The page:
Sugar Sand styles all incorporate beautiful Indian trims and Indian bridal style will always be a huge source of inspiration for the brand, but today I want to look back at some of the other textiles I have found on my travels…
Kente (Kumasi, 2001) A proud symbol of Ghanaian identity, Kente cloth is woven by hand in the Ashanti region and was originally only worn by the Akan Kings. It is made in narrow strips which are then sewn together to form larger clothes. The different patterns created often have symbolic meanings, hence some particular patterns and colour combinations have become particularly popular. I bought this piece in a Kente weaving village outside Kumasi when I was living in Ghana on my gap year way back in 2001. I remember it was considered a strange choice as tourists normally went for the more instantly recognisable designs with yellow, orange and black. But I loved the pink, white and gold.
Wax print pale blue fabric (Accra, 2001) Another gap year find, this is from the famous Woodin’s store in Accra. Wax print cloth, though perceived as African, has a controversial history and I must admit it is also normally not my cup of tea, being both very bright and very bold. My friends and I used to love the Woodin’s store that sold it though as even though the prices were much higher than in the markets, it was an oasis of calm and air-conditioning and there was something intoxicating about the smell of the wax! One day I spotted this pale blue fabric though and you could only buy it in something like six metre lengths. It felt like a lot of fabric at the time but I have eventually used almost every last scrap for a shift dress, a couple of bags, cushion covers and bunting.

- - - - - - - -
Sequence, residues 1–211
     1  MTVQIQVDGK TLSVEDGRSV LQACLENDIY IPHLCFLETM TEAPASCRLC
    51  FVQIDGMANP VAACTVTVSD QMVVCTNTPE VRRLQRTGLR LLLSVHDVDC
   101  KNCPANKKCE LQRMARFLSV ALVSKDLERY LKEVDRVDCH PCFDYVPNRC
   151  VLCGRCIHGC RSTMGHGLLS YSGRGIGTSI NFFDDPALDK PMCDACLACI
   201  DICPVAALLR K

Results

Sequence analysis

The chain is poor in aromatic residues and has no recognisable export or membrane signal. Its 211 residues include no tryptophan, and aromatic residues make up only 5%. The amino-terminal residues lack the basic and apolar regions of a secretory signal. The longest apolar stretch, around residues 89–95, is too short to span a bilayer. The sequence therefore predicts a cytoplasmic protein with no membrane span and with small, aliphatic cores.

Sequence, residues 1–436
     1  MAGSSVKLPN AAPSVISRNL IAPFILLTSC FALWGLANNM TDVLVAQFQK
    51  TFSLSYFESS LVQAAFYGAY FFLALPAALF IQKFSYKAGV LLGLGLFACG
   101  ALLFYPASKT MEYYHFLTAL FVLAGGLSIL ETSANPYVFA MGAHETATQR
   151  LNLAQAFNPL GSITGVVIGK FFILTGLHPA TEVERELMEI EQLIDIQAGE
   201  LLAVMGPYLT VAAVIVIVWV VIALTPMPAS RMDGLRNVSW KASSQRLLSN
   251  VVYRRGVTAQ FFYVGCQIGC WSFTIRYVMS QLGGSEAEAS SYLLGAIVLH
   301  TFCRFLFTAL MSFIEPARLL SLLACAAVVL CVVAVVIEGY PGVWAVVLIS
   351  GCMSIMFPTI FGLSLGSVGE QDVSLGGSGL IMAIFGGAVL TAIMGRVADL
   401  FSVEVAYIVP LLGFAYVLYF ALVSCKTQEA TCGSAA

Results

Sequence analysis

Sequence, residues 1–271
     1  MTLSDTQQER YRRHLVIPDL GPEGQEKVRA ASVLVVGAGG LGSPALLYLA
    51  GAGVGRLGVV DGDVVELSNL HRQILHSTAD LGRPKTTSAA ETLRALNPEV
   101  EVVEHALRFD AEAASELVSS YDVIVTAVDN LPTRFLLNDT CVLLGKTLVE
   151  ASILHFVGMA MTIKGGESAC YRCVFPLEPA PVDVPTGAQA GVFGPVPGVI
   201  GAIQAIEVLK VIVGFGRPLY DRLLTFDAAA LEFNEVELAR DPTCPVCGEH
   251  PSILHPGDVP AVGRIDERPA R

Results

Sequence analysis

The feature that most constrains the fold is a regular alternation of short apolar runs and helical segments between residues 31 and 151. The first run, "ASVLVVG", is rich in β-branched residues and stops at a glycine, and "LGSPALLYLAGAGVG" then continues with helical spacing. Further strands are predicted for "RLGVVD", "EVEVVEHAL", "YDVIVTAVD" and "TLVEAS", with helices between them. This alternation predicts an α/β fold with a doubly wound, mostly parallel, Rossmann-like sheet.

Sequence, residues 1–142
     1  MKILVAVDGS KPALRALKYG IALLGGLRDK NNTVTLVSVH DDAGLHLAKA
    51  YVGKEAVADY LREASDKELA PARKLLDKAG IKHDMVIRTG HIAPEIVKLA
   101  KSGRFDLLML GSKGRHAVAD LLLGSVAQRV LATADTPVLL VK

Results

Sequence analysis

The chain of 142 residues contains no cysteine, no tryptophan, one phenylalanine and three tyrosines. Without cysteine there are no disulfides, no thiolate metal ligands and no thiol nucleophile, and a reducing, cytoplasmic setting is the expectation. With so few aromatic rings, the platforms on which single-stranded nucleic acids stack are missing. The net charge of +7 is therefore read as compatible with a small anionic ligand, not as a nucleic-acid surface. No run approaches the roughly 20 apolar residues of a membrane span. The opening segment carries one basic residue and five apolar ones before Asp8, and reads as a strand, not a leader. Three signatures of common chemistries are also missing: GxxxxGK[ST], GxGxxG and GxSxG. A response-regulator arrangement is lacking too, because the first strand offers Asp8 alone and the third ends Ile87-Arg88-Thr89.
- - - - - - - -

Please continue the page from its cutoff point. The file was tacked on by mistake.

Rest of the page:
Ethiopian Netelas (Addis Ababa 2005) Ethiopia was an absolute revelation to me, a truly extraordinary destination with a fascinating, unique culture. I also loved the traditional Ethiopian clothing and saw so many elegantly dressed women there. My sister and I both really admired the fine white cotton shawls with coloured woven borders called ‘netelas’ that women wore on a day to day basis. In a crowded market on our last day in Addis Ababa I bought one with a pink and one with a blue border and they made perfect summer scarves.
Crewel work shawl (Udaipur 2009) On the first night of a trip to India in 2009 my sister and I tried to get a rickshaw to see Independence Arch in Delhi, and like the gullible tourists we really shouldn’t have been (we’d both lived in India before) ended up outside a very expensive gift emporium and were both too tired and jetlagged to refuse to go in. And there I spotted the shawl of my dreams: ivory with white crewel work embroidery over it. It was very expensive and I tried bargaining to no avail but very nearly bought it anyway, it was so pretty!
‘You can’t spend so much money on your first night! You’ll easily find a cheaper one somewhere else’. This turned out to be the advice she wish she had never given for my poor sister, who subsequently found herself being dragged into every shop in Agra and Jaipur looking for another one just like it until I eventually found this one in Udaipur. It was worth the hunt though, I still love it and have had masses of wear out of it.
What textiles have you found on your travels?